Beginning in the 1940s, one of the most exciting beauty pageants in New York City happened underground. For nearly thirty years, local women competed to be Miss Subways, one of 200 women whose photograph and aspirations were featured on nearly 9,000 posters throughout the transit system. When she first heard about this unusual contest, photographer Fiona Gardner immediately wondered: who were these women? What did they become?
Gardner’s curiosity resulted in Meet Miss Subways, a book documenting her journey as she tracked down and photographed as many former Miss Subways as she could find. The book features photographs and the first-person narratives of 41 former Miss Subways, as well as the remarkable stories Gardner discovered in the process of finding each woman.
The original Miss Subways were chosen from a modeling agency, but as the contest grew in popularity, boyfriends, mothers, fathers, cousins and friends flooded the Subways Advertising Committee offices with suggestions. By 1968, subway riders were invited to mail in a vote for one of ten finalists whose pictures were posted on a subway placard each season. “People really campaigned to be Miss Subways,” explains Gardner. “[One] Miss Subways, her mother worked as a cashier at a grocery store, and she got a huge stack of postcards and stuck it next to her cash register. Every person who came through the check out line, she would give them postcards and tell them to vote for her daughter.”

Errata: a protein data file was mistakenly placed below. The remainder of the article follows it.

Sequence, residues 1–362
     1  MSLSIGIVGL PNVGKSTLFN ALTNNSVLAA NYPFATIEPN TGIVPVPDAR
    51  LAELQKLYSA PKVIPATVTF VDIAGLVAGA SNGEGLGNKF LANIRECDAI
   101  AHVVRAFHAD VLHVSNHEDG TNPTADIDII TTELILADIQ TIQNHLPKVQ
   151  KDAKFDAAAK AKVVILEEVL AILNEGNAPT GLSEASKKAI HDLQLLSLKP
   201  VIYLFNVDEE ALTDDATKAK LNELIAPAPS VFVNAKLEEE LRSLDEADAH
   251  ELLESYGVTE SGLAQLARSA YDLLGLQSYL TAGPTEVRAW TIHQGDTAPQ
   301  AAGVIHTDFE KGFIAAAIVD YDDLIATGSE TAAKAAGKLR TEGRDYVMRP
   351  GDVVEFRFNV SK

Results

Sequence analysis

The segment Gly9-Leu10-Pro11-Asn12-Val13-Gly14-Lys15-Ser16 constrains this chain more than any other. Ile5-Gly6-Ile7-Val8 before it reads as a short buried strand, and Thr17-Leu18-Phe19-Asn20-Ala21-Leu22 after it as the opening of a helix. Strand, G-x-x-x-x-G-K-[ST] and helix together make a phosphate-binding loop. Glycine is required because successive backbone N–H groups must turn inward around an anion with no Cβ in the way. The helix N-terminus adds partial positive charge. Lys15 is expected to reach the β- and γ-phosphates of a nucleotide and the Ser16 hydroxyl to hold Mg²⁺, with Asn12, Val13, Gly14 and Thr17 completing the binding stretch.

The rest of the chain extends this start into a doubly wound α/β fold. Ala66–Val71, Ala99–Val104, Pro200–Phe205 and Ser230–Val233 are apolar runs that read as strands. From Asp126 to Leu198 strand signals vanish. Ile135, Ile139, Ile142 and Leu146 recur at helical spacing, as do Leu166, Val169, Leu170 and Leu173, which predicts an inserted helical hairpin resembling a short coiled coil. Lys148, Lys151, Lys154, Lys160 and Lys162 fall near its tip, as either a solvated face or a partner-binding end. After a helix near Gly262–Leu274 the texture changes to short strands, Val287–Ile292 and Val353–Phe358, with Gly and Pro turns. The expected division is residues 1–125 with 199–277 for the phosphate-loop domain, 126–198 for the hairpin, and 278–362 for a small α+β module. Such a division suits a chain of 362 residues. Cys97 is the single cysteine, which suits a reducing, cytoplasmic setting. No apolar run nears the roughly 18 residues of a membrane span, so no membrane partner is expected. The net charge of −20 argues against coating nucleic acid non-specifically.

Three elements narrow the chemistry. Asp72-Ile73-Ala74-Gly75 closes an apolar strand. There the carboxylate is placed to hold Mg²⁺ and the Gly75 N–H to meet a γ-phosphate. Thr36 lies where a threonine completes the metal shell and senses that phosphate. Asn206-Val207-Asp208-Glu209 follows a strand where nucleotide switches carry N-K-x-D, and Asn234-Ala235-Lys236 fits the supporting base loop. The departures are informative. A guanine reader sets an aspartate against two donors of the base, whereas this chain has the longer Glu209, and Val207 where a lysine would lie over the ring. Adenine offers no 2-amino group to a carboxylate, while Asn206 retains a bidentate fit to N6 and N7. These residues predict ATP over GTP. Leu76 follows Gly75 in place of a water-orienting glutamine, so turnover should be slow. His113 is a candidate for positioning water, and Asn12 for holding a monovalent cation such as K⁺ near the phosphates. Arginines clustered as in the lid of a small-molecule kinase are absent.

Gardner’s research uncovered many fascinating stories. “There were these radio show hosts called the Clawson Triplets who supposedly became Miss Subways, but it sounded like an urban legend to me,” says Gardner. Through her Facebook fan page, a grandchild of the triplets contacted Gardner. “It turns out they weren’t actually triplets — one of them was an older sister and the other two were twins, but their father constructed their identity as triplets for show business.”
Another standout tale for Gardner was the rags-to-riches story of the oldest Miss Subways she photographed. “She came from Sweden and didn’t have anything when she came to New York,” explains Gardner. “She ended up marrying an oil tycoon in Venezuala, where she had a mansion with 81 Arabian stallions.” Gardner found the woman in Palm Beach, Florida. “She used to have tea with Greta Garbo and the King and Queen of Sweden,” said Gardner. “The Swedish community in New York at the time was very small, so that’s how they knew each other.”
Gardner’s book is coming out in September, but she created a Kickstarter page to defray the production cost. The book release will be held at the Stardust Dinner, a Manhattan mainstay owned by a former Miss Subways. While Gardner waits to achieve full funding, she’s reveling in discovering a piece of New York history. “For these women, it was like 15 minutes of fame. It was like being on a reality show today,” explains Gardner. The contest ended in 1976, right when the women’s lib movement took off. Gardner found that most of the women went on to have successful careers in a range of fields: everything from personal trainers to attorneys and even CIA agents.
Miss Subways was the first integrated beauty contest in America, featuring local Chinese and African American women long before any other pageant. “Miss America reflected a certain type of blond, blue-eyed, all-American girl, but Miss Subways was always the every-girl,” remarks Gardner. “When you think about that, that’s kind of radical.”